And the cherry picking continues...but if you are 50 or over, you might not be one of the cherries...BD
Kent Odell exercises six times a week and eats healthy foods. He is a lean 6-foot-2 and 190 pounds and says he has no known medical conditions. His blood pressure is low, and his cholesterol clocks in well below the recommended level. But Odell is having trouble getting individual health insurance.Odell is 56, too young for Medicare but a prime age to start developing health problems.
Kaiser Permanente rejected Odell for coverage because he used to smoke, even though he quit 16 years ago. But the Benicia man thinks the reason for the denial has more to do with a number over which he has no control: his age.
No law prevents companies selling individual health policies from cherry-picking their members and setting their own rates, said Betsy Imholz, special projects director for Consumers Union, the nonprofit publisher of Consumer Reports. "It's wide open," she said.
Aetna Inc., for example, signed a seven-year agreement with AARP in April to offer individual plans aimed at people 50 to 64. The policies, which begin Jan. 1, initially will be available in a limited number of states, including California. Humana will offer the new plans in 15 states for 2008, but does not plan to expand into California until the state's health reform efforts are resolved.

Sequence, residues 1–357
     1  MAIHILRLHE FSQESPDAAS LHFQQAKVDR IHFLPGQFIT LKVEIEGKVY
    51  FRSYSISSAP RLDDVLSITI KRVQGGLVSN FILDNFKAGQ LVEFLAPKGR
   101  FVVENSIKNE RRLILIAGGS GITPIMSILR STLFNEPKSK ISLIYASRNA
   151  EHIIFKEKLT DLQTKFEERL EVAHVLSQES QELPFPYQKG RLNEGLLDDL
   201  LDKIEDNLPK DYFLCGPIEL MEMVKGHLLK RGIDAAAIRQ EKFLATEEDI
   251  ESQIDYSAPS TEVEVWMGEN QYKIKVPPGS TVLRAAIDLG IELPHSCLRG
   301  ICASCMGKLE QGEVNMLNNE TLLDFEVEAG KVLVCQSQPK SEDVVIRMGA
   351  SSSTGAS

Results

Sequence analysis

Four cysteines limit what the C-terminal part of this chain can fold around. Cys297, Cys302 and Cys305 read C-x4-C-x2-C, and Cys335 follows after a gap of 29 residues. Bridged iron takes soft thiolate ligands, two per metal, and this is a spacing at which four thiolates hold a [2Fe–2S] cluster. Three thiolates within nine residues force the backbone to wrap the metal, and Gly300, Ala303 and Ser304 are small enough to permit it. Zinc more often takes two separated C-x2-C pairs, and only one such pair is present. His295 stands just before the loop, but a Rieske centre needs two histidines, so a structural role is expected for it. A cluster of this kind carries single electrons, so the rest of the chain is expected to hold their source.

For those 50 and older, health insurance can be hard to come by
Even the young and healthy are rejected for completely inane reasons. The insurance companies aren't concerned about the customers they serve - rather they are looking after their wallets.ReplyDelete
This is a very enlightening article. It's possible to be too young and too healthy to recieve health care insurance. This is the age of health care crises. As seniors become the most rapidly increasing part of the population, the health of cost care continues to skyrocket. Meanwhile we aren't getting any younger and our annual pay is expected to decrease. What is a consumer to do?? It's up to us to take matters into our own hands. AARP is aiding us in our quest with their website: http://thisissoridiculous.com where we can watch a video, send emails to appropriate parties for action and results, and most importantly, sign a petition to make our voices heard. I know this because I support AARP with this endeavor.ReplyDelete
I'm in the 50 plus crowd too.ReplyDelete